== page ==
Lena (Inda Craig-Galván) is a playwright who is working on her latest play entitled “Voices”.  She has been listening and reading recordings of former slaves from the Library of Congress and working to put their stories into the play.

Lena receives a call from David (Dave Rosenberg) on her message machine telling her that he can’t make it tonight.  She’s slightly disappointed but it’s just as well because she must finish her play.  

But it’s just not working. Lena is distracted from writing because she is in love, a love with a lot of conflict, mostly with her family.   The evidence is there on the floor, the wad up pieces of paper, wads of unsuccessful story ideas that litter her floor.

L - R Inda Craig-Galván, Danielle Lewis 

Val (Danielle Lewis), a flight attendant, swishes her way into the home she occasionally shares with Lena and declares the place a tragedy.  Val takes off her airline hostess uniform jackets, pulls the shirt from his skirt, slides into her slippers, pours them both a drink, and makes herself mighty comfortable.

Val lets Lena in about her romantic escapades in Rome and Italian men.

Not to be undone, Lena tells Val that she has met someone.

“He’s very nice, educated, but white.” – Lena

“What about your daddy?” – Val

Lena replies that Daddy (Thomas Silcott), Rev. Ezzra Walker, doesn’t like it. When they got together at a Thanksgiving dinner at his home, things seem to go pretty well until David called the Reverend a racist.  Since then Rev. Ezzra Walker and Lena haven’t spoken and we are well into the summer months.

Val wants to know the details of their relationship, how they met, etc., and we travel back to their meeting after a performance of one of her shows.

Hesitant at first David approaches Lena.

“I’ve seen your plays.  I teach them at the university.  You’re a big talent.” – David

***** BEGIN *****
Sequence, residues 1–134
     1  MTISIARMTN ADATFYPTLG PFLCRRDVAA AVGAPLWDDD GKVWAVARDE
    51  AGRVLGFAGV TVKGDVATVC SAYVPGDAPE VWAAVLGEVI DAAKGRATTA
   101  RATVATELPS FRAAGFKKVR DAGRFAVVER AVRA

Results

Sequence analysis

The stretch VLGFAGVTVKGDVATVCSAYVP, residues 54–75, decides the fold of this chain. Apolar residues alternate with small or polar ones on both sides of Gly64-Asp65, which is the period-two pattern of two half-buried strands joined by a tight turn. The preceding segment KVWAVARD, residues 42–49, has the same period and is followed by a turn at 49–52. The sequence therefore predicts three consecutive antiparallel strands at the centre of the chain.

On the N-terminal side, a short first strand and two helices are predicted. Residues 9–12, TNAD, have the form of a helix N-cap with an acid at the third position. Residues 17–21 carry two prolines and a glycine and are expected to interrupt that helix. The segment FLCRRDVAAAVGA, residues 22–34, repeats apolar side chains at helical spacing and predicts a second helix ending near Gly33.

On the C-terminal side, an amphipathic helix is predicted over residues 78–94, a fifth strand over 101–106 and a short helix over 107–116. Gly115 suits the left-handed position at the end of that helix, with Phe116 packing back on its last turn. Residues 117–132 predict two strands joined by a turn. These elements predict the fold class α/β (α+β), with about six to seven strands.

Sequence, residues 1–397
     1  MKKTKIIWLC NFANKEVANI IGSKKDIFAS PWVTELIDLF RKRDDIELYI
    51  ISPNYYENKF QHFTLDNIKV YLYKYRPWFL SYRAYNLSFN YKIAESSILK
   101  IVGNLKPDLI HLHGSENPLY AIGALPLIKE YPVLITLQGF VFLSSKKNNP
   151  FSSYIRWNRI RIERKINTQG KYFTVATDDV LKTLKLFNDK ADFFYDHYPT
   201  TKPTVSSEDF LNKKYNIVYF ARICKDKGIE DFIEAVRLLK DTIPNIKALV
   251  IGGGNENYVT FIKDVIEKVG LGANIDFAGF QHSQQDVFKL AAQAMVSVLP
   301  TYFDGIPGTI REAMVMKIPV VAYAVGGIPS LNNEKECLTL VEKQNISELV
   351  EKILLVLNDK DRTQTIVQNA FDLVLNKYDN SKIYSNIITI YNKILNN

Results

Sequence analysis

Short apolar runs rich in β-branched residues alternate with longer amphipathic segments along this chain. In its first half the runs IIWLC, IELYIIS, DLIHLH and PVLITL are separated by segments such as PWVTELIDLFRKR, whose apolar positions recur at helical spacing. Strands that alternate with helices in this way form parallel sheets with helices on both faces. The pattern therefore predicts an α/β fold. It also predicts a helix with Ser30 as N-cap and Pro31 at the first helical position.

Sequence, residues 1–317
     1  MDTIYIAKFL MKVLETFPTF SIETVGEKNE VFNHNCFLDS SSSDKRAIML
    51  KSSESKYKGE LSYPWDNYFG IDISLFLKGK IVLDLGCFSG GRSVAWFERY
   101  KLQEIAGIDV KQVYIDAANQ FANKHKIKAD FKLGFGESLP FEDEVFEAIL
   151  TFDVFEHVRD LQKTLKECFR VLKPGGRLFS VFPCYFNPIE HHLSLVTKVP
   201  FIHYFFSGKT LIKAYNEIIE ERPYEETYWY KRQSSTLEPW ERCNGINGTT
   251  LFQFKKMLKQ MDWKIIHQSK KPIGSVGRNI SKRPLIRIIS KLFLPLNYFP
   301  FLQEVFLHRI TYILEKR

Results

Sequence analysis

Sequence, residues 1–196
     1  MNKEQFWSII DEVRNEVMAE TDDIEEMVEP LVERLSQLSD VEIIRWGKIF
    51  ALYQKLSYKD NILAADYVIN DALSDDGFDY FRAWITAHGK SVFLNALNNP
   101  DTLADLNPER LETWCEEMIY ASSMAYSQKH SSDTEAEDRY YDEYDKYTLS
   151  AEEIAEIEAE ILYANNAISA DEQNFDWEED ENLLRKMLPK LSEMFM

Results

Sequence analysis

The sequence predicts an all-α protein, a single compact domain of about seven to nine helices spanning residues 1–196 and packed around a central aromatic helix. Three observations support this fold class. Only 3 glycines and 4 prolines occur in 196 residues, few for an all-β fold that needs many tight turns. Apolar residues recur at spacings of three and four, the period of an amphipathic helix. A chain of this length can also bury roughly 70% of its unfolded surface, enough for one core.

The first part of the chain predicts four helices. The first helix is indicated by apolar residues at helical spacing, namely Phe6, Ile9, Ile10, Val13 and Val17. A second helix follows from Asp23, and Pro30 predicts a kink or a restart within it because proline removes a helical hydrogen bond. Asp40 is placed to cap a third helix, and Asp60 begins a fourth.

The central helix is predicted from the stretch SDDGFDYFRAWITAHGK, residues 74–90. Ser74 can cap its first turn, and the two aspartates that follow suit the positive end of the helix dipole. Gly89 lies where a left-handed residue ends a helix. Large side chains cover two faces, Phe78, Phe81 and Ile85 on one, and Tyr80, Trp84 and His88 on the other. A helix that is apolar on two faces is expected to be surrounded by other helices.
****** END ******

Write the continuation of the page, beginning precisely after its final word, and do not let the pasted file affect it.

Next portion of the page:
“I don’t date white guys.” – Lena

But David is, politely speaking, determined, and calls every night until Lena says yes.  Still, it is not a date.

David thinks Lena has got something against white guys but Lena tell him that she dated a white guy in high school.

“We are not going anywhere.” – Lena

“Tough broad.” – David

“…I usually get tough bitch… If I do this, my life will be hell. -  Lena

“…Bullsh*t, I’m a great catch.” – David

Voices has a marvelous cast and one can’t help but be touched by the stories and the sheer determination of two people in love.   All in all, it was a wonderful night of theatre.

Inda Craig-Galván as Lena finds love in all the white places.  She is determined to have a career as a playwright, or at least get the one that she is working on, finished. Love keeps getting in the way and it’s probably the reason it is not getting done. But writers need other voices, which is probably why she has a roommate and even bothers to see someone who may give her inspiration. Craig-Galván’s work was exceptional but the reasons why others members in the cast give to her journey needs to be absorbed.

Dave Rosenberg is the white boyfriend, David. He is slight in build, hair receding and sticking straight up on top of his forehead. He had this gruff manner (possibly the character’s NY background) in the way he spoke and the way he approached love.   Off centered and with a slight edge, he had a dogged determination that was inspiring and left a lot of audience members in tears.  It was a wonderful performance.